Hud Bannon is a ruthless young man who tarnishes everything and everyone he touches. Hud represents the perfect embodiment of alienated youth, out for kicks with no regard for the ... See full summary »
"Fast" Eddie Felson is a small-time pool hustler with a lot of talent but a self-destructive attitude. His bravado causes him to challenge the legendary "Minnesota Fats" to a high-stakes match, but he loses in a heartbreaking marathon. Now broke and without his long-time manager, Felson faces an uphill battle to regain his confidence and his game. It isn't until he hits rock bottom that he agrees to join up with ruthless and cutthroat manager Bert Gordon. Gordon agrees to take him on the road to learn the ropes. But Felson soon realizes that making it to the top could cost him his soul, and perhaps his girlfriend. Will he decide that this is too steep a price to pay in time to save himself? Written by
According to editor Dede Allen, an entire scene from this film was omitted after much deliberation between Allen and her director Robert Rossen. Even though both agreed that the scene, an impassioned speech by Paul Newman in the pool room, was possibly the best part of his entire performance, they had to throw it out because "...it didn't move the story." Newman, though Oscar-nominated, later claimed that the deleted scene most likely cost him the Academy Award. See more »
Eddie's hands change position on his cue after his first shot against Minnesota Fats. See more »
Fats, let's you and me shoot a game of straight pool.
Well, you shoot big time pool, Fats. I mean, that's what everybody says: you shoot big time pool. Let's make it $200 a game.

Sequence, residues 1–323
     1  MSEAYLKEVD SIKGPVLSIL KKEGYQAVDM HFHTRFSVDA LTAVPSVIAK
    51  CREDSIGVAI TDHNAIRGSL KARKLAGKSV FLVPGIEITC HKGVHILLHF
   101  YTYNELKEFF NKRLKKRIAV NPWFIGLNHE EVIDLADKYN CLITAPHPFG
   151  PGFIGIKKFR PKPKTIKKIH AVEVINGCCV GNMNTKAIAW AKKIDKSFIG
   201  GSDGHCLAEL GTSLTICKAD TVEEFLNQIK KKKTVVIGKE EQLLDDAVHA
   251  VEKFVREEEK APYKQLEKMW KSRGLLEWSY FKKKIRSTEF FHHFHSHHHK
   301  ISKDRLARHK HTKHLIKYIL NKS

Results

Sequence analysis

Now I know why they call you Fast Eddie.
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This is, without a doubt, the closest anything out of Hollywood ever came to touching the soul of a pool player. Paul Newman plays "Fast Eddie" Felson, a young player from California who travels east to take on the ultimate challenge: to beat "Minnesota Fats," played by the late Jackie Gleason.
Willie Mosconi, probably the greatest pool player who ever walked the Earth, was technical adviser and choreographed many of the game sequences. On technical merit alone, this film is a pool player's classic. Beyond that, however, the way "Fast Eddie" takes to his skills and relationships pushes this film out as a classic for the general audience. In one scene, he is describing what it is like to be really good at something. It is one of the best speeches about excellence I have ever heard. This is one of my top three films. On a scale of ten, I give it an eleven.
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